Learn something new every day.
And have fun doing it.
People love a good conspiracy theory. A 1999 Gallup poll reported six percent of people believe the moon landings were faked. An additional five percent indicated they were still undecided about the “moon landing conspiracy.”
Moon Landing Conspiracy Claims
The explanations surrounding the persistence of the “NASA faked the moon landings” claims include some pretty creative reasoning.
- It’s impossible for people to have walked on the moon because the moon is made of light.
- The landings were filmed on a sound stage either somewhere in the Hollywood Hills or hidden within Area 51 with the aid of 2001: A Space Odyssey filmmaker Stanley Kubrick.
- When Buzz Aldrin planted the flag, it was moving as if by wind. That’s impossible in the vacuum of space.
- All those micrometeorites that have been bombarding the moon for eons would have instantly perforated Neil and Buzz. Besides, they would have died from exposure to the Van Allen radiation belt on the way there.
- Camera lens crosshairs etched onto the lens glass were covered by astronauts and other objects in the photos. Unpossible!
- Stars aren’t visible in the photos.
- Where’s the blast crater underneath the lunar lander?
- Shadows of various objects in the same photo frame aren’t parallel.
The list goes on, with the most egregious being that the Apollo 1 launch pad fire that killed Command Pilot Gus Grissom, Senior Pilot Ed White, and Pilot Roger B. Chaffee was a government-sponsored hit aimed at stopping the trio from going public with the fakery.
The Moon Landing Conspiracy Begins
The moon landing conspiracy arguably started, or at least gained steam with the release of the book We Never Went to the Moon by Bill Kaysing, a technical presentations specialist with Rocketdyne Propulsion Field Laboratory from 1956 to 1963. Kaysing claimed the role of insider whistleblower on the moon landing being a made-up hoax. The gist was that NASA was capable of putting ships and astronauts in orbit but not landing them on the moon. Massive pressure to “beat the Russians” supposedly led to an elaborate fakery of the actual moon landings.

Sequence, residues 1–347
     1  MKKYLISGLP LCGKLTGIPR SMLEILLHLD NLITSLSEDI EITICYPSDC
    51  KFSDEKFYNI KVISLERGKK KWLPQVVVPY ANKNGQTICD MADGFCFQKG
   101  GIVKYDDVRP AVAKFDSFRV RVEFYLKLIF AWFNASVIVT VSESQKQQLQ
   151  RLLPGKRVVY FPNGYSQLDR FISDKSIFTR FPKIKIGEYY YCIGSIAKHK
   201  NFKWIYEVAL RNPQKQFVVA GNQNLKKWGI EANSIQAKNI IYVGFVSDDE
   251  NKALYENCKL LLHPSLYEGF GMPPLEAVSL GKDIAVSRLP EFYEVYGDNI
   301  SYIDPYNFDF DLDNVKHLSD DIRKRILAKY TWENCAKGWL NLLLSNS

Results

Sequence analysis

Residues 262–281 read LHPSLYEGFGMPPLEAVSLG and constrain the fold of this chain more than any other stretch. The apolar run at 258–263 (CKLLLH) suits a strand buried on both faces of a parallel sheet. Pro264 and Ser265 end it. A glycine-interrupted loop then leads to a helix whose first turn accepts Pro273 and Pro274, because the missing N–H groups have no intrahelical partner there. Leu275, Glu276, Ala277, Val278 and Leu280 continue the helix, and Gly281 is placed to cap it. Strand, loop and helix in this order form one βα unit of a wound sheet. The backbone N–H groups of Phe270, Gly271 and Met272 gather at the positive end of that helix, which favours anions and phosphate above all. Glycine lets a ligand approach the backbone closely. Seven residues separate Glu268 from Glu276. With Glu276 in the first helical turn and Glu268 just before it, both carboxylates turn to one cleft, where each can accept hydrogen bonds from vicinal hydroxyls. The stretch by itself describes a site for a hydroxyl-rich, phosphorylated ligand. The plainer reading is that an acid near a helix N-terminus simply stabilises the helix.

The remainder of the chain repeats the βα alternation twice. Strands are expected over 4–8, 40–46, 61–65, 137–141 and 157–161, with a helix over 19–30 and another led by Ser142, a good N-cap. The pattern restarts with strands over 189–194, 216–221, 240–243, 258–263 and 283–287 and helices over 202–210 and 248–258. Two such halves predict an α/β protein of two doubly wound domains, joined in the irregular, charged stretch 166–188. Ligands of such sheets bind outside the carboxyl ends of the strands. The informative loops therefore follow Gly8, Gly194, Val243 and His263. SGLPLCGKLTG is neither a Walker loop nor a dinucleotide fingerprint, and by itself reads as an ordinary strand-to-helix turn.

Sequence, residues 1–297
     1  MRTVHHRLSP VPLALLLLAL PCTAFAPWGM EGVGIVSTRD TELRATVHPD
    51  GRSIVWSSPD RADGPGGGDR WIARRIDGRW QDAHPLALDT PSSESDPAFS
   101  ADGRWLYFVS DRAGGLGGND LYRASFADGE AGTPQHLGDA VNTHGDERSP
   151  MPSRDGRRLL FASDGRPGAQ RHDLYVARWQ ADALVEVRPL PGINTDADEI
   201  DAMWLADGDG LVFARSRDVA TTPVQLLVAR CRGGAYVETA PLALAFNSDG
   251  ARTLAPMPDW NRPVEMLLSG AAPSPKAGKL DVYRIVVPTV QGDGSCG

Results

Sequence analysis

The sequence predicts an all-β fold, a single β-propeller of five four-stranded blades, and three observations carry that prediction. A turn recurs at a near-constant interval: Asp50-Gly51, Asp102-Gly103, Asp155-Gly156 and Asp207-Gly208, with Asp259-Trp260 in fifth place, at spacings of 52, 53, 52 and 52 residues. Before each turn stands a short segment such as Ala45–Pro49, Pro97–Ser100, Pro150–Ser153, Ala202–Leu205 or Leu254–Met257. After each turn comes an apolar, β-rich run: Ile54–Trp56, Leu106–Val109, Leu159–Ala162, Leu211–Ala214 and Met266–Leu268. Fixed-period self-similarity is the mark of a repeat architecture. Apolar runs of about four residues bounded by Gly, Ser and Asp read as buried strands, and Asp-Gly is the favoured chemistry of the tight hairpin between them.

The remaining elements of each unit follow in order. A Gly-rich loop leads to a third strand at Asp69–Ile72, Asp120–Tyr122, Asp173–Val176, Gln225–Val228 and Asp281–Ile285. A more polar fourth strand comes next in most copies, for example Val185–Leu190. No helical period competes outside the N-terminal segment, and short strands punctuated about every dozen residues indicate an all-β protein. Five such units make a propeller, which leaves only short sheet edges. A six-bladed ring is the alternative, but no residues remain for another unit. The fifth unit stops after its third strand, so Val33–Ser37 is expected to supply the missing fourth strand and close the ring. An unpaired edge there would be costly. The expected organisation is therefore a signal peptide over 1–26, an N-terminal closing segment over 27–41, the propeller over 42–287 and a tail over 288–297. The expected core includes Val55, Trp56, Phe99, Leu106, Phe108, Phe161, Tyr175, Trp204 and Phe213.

Apollo Moon Landing Conspiracy… Debunked
While we can’t spend the next week going through all the details of debunking, we can touch on some of the highlights.
As for the “moon is made of light” thing, I suppose someone ought to alert to tides that the moon isn’t really moving them around.
Approximately 600 million people watched the moon landings on live television. I love the movie 2001: A Space Odyssey as much as the next geek, but come on, man, the special effects aren’t exactly compelling enough to fool a TV audience of hundreds of millions.
No stars? The photos from the moon landings were taken in lunar daylight. While the sky is black, stars aren’t going to be highly visible to a camera with a necessarily small aperture setting for those bright and reflective lunar surface conditions.
Non-parallel shadows? It’s called perspective. You can replicate this effect yourself when the sun is low in the sky. Many of the lunar landing conspiracy theories don’t properly account for ginormous environmental differences between the Earth and moon, like vacuum conditions, low gravity, complete lack of dust or haze in the air and the myriad of highly reflective surfaces present.
As for the flag? Well, Buzz was rocking the flag to plant the pole in the lunar dirt. And the flag was designed with a horizontal support bar inside the top seam of the flag itself. A week or so of being stuffed into a tube, combined with incomplete extension of the support rod, and… voila! Ripples in the flag material, but no movement from the non-existent lunar wind.
And the list of debunked myths goes on and on… In 2009, a lunar reconnaissance orbiter mapped the moon using cameras with orders of magnitude improved resolution. Guess what? The landing sites are all there in plain view. With no wind or rain, those footprints will be around for 75 percent of forever. And, of course, there are the 838 pounds of lunar rocks returned to Earth, which have subsequently been examined by thousands of scientists around the world. They’re real. Even France agrees.
But to me, the biggest debunker in the schoolyard is human nature itself. Somewhere over 400,000 people were involved in the space program. Isn’t it weird that not one of them has spilled the beans in the past 50+ years? You know what they say. Three people can keep a secret—if two of them are dead.
While few dispute Saturn V rockets took off from the Florida coast, many don’t believe we actually completed the finale of a moon landing. There’s a fascinating book, Moon Lander: How We Developed the Apollo Lunar Module, by Chief Engineer Tom Kelly. He ran the Grumman development program, where some 7,000 employees, including 3,000 engineers, designed and built the lunar landers. It’s a great read for a rainy day.
That’s a lot of people doing a lot of fake work for a lot of fake years for a fake machine designed to perform a fake moon landing.